Institute for Policy Research

From Al-Qaida to Al-Shabaab: News Media and Global Implications of Terror in Kenya and East Africa

Thu Nov 19 15:15:00 GMT 2015

IPR Seminar

Time: 2.15pm - 3.05pm

Venue: Chancellors' Building, 3.11

Speakers: Dr Fredrick O. Ogenga, Rongo University, Kenya

Chair: Professor Timo Kivimaki, PoLIS

Audience: This event is free and open to all, with registration in advance



This seminar will discuss the media coverage of terrorism in Kenya, and that this coverage has had global and local implications which have complicated the Kenyan State’s effort in counter-terrorism, and domestic politics, as various stakeholders and citizens differ on who funds and what motivates terrorism.

In 2010, Kenya launched 'War on Terror' code named 'Operation Linda Nchi' or ‘Operation Protect the Nation’, to neutralize AlShabaab, an offshoot of Al-Qaida in Yemen. AlShabaab posed, and continue to pose, a threat to Kenya’s political-economy and it has become increasingly difficult to see how the fight against terrorism can succeed using current conventional approaches.

This seminar will discuss the role of news media in combating terrorism. It will highlight the ways Peace Journalism can reconstruct discourses of terrorism in news reports by considering local nuances. This can enable news media in Kenya to play an important (and innovative) role in reducing controversy around peace-building - A role that news media in Kenya is yet to play.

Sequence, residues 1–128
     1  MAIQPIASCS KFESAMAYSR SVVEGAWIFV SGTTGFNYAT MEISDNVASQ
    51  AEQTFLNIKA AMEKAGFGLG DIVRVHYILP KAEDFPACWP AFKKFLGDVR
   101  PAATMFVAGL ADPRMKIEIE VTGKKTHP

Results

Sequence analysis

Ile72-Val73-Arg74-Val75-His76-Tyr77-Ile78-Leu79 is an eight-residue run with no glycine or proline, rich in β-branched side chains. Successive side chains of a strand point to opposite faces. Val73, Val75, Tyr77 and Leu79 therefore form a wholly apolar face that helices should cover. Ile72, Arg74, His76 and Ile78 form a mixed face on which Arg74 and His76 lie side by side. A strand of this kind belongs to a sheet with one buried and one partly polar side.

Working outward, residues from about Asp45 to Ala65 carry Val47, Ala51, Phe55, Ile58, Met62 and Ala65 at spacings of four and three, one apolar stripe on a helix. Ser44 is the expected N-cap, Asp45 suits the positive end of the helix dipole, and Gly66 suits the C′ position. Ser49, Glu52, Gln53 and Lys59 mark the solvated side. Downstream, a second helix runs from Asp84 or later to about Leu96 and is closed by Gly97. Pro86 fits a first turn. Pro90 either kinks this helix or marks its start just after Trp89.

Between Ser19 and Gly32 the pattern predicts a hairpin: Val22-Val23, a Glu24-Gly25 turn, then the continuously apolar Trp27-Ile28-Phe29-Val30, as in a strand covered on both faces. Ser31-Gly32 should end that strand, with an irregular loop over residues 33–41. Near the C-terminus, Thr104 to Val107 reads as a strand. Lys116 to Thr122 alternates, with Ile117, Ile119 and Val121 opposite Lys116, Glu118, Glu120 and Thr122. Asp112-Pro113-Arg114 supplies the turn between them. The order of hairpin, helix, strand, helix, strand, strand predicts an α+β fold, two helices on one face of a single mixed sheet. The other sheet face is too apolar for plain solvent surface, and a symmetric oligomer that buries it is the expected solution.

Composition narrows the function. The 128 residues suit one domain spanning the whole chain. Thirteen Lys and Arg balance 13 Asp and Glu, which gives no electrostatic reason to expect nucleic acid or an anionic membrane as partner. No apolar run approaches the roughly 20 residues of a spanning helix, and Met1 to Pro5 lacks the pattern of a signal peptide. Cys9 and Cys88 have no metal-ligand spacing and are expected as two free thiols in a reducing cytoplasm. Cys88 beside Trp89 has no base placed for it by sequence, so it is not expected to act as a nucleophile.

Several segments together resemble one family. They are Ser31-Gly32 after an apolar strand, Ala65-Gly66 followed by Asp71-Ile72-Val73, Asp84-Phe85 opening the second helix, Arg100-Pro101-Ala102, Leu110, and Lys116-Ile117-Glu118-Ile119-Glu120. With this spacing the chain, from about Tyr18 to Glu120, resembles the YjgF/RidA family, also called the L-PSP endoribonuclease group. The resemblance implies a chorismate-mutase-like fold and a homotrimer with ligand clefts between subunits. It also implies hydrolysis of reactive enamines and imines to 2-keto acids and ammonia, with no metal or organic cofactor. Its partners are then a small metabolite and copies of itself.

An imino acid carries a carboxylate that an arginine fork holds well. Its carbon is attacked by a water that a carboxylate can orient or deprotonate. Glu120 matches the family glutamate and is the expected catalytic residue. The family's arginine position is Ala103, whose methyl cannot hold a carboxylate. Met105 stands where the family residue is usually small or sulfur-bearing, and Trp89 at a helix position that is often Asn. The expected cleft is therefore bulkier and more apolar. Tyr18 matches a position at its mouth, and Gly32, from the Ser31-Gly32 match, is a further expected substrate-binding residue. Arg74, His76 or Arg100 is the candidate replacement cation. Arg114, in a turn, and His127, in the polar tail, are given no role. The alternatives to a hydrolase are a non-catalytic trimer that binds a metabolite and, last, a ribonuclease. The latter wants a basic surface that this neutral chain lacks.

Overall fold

I will explore the need for conceptualising a hybrid approach in conflict reporting driven by African philosophy and ontology (Hybrid Peace Journalism) in the context of conflict volatile societies in Africa by borrowing from good journalism tenets found in Peace Journalism which follows a Western conceptualisation.

Hybrid Peace Journalism implies that journalists reporting about Africa depart from the Western tradition of sensationalism to imbibe African wisdom, gnosis or ways of seeing in order to report news in a manner that will de-escalate the conflict and promote development on the continent. The approach is therefore developmental, driven by African ideals of community belonging or Umoja, working together or Harambee, and Utu or humanity ‘you are because we are’.

The seminar will conclude that news media has successfully employed War Journalism by sensationalising and escalating the impacts of terror causing hysteria in the mind of Kenyan audiences.


Dr Ogenga is Head of the Department of Communication, Media and Journalism at Rongo University, Kenya, and Visiting Researcher at the African Studies Centre, in the Frederick S. Pardee School of Global Studies, Boston University, USA.